"The group was asked to identify what issues, problems or concerns exist currently within the Vancouver Island region," wrote Kerry Elfstrom. "It was agreed that Vancouver Island could be the focus since it has clearly defined geographical boundaries, every element of the industry represented (suppliers, operators, consultants, educators, interested Associations etc.) and advantageous proximity to the provincial Government."
"Community input has confirmed that we can work together to reduce the impact of stormwater on our communities and creeks. A consistent theme was that there are a lot of good things being done but it is time for 'the next step'," stated Glen Parker. " Modified sewer/drainage taxes will motivate property owners to manage their stormwater and/or provide resources for our communities to manage it for them."
“The stewardship community can work with local governments to inform the broader community," stated Zo Ann Morten. “We can open eyes and minds. We can open doors so that together we can make the changes necessary to achieve a vision for a watershed. It is the streamkeepers who have the on-the-ground knowledge needed to establish restoration priorities within a watershed. That is the key to benefiting from local input.”
A distinguishing feature of the Penticton Forum was the audience interaction segment that was part of each module. "The Province’s Living Water Smart and Green Communities initiatives provide a framework and direction for convening for action in the Okanagan, on Vancouver Island and in Metro Vancouver. Each regional initiative is developing a vision and road map for achieving settlement in balance with ecology," stated Glen Brown.
“Water stewardship involves everyone. Government alone cannot provide all the solutions. Reaching our vision of safe, sustainable, and valued by all requires partnerships – both maintaining the ones we value, like the Water Sustainability Committee, as well as forging new," stated Zita Bothelo.
"Water is the piece that integrates everything that we care about. We are using the phrase water stewardship, not water management. Stewardship is about replacing self interest, dependency and control with service, responsibility and partnership," stated Lynn Kriwoken. The Water Sustainability Action Plan comprises inter-connected program elements that give local governments and practitioners the tools and experience to do things differently.
The report is a practical guide that urges community leaders and water managers across Canada to look to water conservation and efficiency as the basis for a new urban water infrastructure. Too often, communities respond to 21st century water problems with 20th century solutions— bigger pipes and bigger pumps leading to bigger tax bills” says Michael M’Gonigle. “Communities are missing out the full potential of water conservation and efficiency.”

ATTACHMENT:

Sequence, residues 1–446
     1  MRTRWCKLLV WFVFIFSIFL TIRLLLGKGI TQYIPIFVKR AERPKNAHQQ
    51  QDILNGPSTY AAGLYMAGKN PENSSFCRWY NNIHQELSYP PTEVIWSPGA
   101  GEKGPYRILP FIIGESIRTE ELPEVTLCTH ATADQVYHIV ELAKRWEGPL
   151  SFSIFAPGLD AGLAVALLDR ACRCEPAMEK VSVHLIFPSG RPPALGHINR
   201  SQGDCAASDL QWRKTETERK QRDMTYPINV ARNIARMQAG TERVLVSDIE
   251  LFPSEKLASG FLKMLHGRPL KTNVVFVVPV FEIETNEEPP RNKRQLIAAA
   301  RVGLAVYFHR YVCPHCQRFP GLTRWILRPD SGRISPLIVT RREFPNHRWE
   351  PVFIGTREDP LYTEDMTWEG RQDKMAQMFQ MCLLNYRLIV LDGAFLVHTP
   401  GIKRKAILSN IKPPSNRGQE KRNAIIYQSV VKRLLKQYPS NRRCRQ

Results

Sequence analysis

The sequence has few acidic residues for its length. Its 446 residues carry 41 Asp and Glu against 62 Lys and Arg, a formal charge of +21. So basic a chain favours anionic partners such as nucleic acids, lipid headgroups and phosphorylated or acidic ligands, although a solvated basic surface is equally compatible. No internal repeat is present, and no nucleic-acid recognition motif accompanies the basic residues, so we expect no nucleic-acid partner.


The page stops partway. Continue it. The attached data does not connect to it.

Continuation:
The Kelowna conference was designed to be a transformational event that would be a catalyst for change. "It was an important first step in focusing stakeholder attention on the decisions that need to be made now if we are to move towards sustainable water management in BC. Collaboration is an essential ingredient if collectively we are to create the province-wide momentum that will result in substantive change related to water management and use," stated Don Degen.
"The action plan’s goal is to encourage implementation of integrated water sustainability
policies, plans and programs across the province. The action plan builds on the foundation provided by
'A Water Conservation Strategy for British Columbia', a previous partnership development. The
‘WaterBucket’ website is the key communication strategy for the action plan," stated the Hon. Bill Barisoff, former Minister of Water, Land & Air Protection.
The Partnership for Water Sustainability provides a type of engagement and outreach with local government that provincial staff no longer provide. Collaboration with participating local governments creates sharing and cross-pollinating opportunities that help eliminate the ‘disconnect between information and implementation’," wrote Kim Stephens. "A desired outcome is that land use and infrastructure practitioners would understand how natural systems support municipal services."
A scenario comparison tool to assess green infrastructure effectiveness, achieve a lighter 'water footprint' and protect stream health. Learn More
The Water Conservation Calculator illustrates how specific water conservation measures can yield both fiscal and physical water savings for communities. Learn More
This Landscape Irrigation Scheduling Calculator uses real-time daily evapotranspiration (ET) rates determined from climate stations located within British Columbia. Learn More
This Agricultural Irrigation Scheduling Calculator uses real-time daily evapotranspiration (ET) rates determined from climate stations located within British Columbia. Learn More
The BC Agriculture Water Calculator enables water licensing for all irrigation purposes, whether agricultural or landscape. All non-domestic users of groundwater in BC are required to obtain a licence. Learn More